The current technology-driven upheaval in higher education has created new markets of students who cannot or will not commute to and from a physical campus.
It has also created a new market of colleges — particularly small, traditional ones — that sense they must adapt to the rise of online learning and corporate management practices or get trampled underfoot.
Excelsior College, which has focused on distance learning since its founding in 1971, was one of the first colleges to tap the market of far-flung students who want to learn online. Now Excelsior, through a nonprofit spinoff called ESE, is trying to be the first nonprofit institution to tap the new market of traditional colleges that are late to offering online programs and need help.
In the last two decades many companies have emerged to meet the demand for expertise in transposing face-to-face curriculums into the online world. A steadily growing number of firms, such as Bisk Education, Embanet-Compass, 2tor, Deltak, Academic Partnerships, Colloquy and LearningHouse, have successfully tapped into a market of traditional institutions feeling the pressure to take their academic programs — and their brands — global in a higher education economy where scale has become a watchword.
But some institutions, particularly those that have hesitated until now to pull the trigger, are nervous about tapping a large, for-profit firm to hold their hands as they leap into the unknown of online education, says John F. Ebersole, the president of Excelsior.
“There’s a reason they’re late to the online arena,” says Ebersole, “and a lot of that has to do with their faculty and skepticism they have about the for-profit community.”
Hence the New York nonprofit’s new venture, ESE, which is short for “educators serving educators.” (It is also a pun on the word “easy.”) The idea is to signal to potential clients that ESE is just like them — and that it has no intention of pushing them to do anything that compromises their mission and will not steer them toward strategic decisions based on what will generate the highest returns.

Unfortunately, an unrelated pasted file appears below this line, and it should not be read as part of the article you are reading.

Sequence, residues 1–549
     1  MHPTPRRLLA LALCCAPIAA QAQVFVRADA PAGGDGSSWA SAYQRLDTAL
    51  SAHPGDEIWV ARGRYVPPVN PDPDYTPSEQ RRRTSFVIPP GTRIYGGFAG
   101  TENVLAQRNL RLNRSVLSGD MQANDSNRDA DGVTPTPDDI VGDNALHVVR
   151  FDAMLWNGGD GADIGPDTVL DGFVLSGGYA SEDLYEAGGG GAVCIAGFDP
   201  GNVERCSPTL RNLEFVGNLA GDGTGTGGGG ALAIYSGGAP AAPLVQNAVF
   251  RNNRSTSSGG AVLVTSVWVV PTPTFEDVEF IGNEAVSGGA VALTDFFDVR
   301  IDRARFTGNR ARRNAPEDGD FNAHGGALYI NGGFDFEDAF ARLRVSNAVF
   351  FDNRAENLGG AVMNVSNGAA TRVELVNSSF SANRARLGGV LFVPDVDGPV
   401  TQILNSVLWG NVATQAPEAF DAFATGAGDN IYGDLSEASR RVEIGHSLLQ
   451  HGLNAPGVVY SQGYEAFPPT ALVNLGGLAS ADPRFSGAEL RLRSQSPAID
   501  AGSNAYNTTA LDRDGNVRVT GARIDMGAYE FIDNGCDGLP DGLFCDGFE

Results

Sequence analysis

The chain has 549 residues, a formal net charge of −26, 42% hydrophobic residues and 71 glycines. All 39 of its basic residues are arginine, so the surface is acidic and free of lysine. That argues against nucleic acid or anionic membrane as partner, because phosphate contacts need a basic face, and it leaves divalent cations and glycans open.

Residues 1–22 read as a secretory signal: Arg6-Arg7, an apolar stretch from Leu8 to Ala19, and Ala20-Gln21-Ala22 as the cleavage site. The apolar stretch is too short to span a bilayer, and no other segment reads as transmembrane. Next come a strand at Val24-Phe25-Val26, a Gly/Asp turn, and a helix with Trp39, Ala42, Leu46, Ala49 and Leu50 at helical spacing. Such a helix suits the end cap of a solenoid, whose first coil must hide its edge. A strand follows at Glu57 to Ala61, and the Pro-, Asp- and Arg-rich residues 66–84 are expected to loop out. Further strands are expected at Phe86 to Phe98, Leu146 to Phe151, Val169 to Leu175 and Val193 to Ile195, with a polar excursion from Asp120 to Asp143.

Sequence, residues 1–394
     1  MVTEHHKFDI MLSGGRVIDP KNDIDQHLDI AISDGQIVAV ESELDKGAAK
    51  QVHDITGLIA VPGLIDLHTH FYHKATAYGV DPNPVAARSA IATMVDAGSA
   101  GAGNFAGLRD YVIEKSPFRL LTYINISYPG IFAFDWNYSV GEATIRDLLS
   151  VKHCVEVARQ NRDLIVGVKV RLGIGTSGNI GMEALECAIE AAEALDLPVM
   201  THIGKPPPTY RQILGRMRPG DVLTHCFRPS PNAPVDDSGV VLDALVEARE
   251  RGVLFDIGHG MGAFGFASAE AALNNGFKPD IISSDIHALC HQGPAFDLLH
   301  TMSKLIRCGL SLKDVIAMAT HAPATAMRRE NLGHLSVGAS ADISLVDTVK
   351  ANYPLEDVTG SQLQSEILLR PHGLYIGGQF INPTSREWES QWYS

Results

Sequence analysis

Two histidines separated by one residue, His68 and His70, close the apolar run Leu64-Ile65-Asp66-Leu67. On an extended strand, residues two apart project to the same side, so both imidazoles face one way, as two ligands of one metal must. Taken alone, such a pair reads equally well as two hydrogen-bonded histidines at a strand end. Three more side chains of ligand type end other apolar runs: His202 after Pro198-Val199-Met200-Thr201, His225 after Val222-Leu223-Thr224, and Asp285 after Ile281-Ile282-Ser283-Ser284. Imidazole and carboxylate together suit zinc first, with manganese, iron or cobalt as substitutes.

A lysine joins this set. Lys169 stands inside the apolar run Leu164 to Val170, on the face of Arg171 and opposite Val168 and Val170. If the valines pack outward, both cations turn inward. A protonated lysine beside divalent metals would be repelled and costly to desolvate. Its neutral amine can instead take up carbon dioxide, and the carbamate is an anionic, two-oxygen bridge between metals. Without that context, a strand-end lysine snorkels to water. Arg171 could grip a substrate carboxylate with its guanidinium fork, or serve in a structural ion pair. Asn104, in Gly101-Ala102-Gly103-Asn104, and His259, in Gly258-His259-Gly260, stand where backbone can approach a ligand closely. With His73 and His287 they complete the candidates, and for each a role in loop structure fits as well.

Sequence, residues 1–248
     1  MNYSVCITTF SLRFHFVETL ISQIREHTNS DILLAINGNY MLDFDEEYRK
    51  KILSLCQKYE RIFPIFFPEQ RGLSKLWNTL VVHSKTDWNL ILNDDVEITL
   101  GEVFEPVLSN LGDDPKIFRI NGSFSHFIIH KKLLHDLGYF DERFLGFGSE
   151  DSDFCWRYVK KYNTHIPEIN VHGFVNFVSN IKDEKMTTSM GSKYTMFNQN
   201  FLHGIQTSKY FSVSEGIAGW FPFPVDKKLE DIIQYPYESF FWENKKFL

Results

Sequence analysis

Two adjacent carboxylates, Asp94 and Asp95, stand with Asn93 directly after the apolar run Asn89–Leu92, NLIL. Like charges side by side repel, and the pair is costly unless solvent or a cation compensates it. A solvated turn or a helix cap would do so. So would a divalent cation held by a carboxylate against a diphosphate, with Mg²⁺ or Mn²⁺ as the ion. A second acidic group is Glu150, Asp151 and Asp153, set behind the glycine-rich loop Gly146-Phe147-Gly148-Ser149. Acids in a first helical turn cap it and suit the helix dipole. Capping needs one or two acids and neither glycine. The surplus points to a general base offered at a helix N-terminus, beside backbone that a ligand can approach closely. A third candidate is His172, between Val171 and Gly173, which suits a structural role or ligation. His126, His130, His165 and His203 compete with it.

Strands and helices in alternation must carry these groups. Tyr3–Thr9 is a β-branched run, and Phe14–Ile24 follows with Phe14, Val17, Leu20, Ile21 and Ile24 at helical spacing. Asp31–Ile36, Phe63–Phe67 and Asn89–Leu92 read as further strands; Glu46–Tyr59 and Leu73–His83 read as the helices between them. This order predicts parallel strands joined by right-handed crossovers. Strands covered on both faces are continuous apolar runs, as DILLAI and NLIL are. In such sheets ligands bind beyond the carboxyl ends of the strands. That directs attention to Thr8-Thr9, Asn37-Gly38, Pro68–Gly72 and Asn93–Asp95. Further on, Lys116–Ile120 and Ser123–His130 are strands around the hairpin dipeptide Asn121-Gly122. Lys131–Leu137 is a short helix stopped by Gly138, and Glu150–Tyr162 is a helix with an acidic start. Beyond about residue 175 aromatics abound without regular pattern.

So far ESE has landed at least seven clients: American International College, Castleton State College, the University of New Haven, Philadelphia University, The Sage Colleges, Western New England University, and Wheelock College.
The arrival of ESE as a service aimed at a specific segment of the aspiring online market — i.e., small colleges for which interfacing with a fellow nonprofit might palliate some of the typical anxieties about going online — is part of a new trend that has seen these online helpers home in on niche clients, says Richard Garrett, managing director of Eduventures, a consulting firm. He points to HBCUs Online, which works with historically black colleges, and 2tor, which has increasingly sought “elite” partners. LearningHouse has largely focused on the small-college demographic that ESE hopes to make its bailiwick. But ESE “certainly [is] distinct,” Garrett says. “As far as I know it’s the only nonprofit school offering this kind of service.”
Working with Excelsior’s nonprofit spinoff does not mean steering clear of for-profit online service providers. ESE acts as a general contractor, subcontracting the accouterments of an online program — market research, lead generation and recruiting, instructional design and an online learning platform — to various companies in its Rolodex.